WestJet aims for turnaround
TORONTO — WestJet Airlines Ltd. aims to lift its lagging profits over the next four years, predicting earnings growth of 40 per cent on a per share basis between 2019 and 2022 after a turbulent year that saw profits plunge.
Soaring fuel costs, labour unrest, and steep competition at home and abroad caused Canada’s second-largest airline to incur its first loss in 13 years during the second quarter, followed by a steep year-over-year drop in the third quarter — which nonetheless bounced back into the black.
Revenues and efficiency were “nowhere near” the airline’s potential, chief executive Ed Sims said at a WestJet investor conference in Toronto Tuesday.
Strong demand, more branded fares and higher ancillary fees will boost its revenue per available seat mile to between two per cent and four per cent in 2019, Sims said.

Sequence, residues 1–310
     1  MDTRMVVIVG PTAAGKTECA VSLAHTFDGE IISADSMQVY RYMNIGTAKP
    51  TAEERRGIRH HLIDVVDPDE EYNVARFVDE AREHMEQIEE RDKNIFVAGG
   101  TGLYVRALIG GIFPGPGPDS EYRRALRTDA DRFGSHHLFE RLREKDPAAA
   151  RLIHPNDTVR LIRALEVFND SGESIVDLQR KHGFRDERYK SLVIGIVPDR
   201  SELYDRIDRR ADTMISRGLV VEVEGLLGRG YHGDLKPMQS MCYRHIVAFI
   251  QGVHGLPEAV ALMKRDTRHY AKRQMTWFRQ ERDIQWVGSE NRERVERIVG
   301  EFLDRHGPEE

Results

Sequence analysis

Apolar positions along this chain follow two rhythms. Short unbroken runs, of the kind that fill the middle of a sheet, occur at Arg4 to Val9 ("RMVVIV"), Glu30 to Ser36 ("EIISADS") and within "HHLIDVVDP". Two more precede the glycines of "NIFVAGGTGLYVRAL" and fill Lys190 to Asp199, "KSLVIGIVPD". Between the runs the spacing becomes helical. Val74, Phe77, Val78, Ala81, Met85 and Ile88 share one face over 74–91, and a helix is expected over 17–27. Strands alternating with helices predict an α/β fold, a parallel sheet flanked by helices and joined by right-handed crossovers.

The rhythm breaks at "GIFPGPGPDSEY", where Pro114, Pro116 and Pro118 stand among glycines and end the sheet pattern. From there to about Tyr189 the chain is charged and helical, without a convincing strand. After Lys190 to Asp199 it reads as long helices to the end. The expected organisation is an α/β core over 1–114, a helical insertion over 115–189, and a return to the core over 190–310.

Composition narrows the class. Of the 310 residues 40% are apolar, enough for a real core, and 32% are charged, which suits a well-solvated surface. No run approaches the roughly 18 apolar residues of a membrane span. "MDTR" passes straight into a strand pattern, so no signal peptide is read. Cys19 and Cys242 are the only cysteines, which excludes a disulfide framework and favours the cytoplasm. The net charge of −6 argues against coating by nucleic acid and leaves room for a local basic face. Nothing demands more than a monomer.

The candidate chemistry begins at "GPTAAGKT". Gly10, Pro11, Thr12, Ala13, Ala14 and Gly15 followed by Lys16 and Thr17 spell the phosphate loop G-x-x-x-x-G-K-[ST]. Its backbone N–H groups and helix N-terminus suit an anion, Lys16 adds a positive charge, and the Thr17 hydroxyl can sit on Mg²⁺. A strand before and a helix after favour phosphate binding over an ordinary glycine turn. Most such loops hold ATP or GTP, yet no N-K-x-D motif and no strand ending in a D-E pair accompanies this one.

Branded fares bundle various perks — such as pre-reserved seats and baggage checks — at a higher total price.
Earlier this year, the airline launched transatlantic service on the first three of an expected 10 Boeing 787 Dreamliner aircraft in a bid for business passengers that challenges Air Canada’s transatlantic dominance.
A crowded domestic market resulted in “over-supply” and weaker revenue per available seat mile — a key industry metric that divides operating income by passenger carrying capacity.
A freshly expanded Flair Airlines, soonto-launch Canada Jetlines Ltd., and Air Canada’s low-cost Rouge are all crowding the budget airspace that WestJet has flown into with its four-month-old, ultralow-cost Swoop.
The market saturation means WestJet will “step back from profitless volume,” Sims said.
The airline aims to grow passenger capacity by between 6.5 per cent and 8.5 per cent next year, mainly through three Dreamliners embarking on non-stop service from Calgary to Dublin, Paris and London’s Gatwick Airport this spring.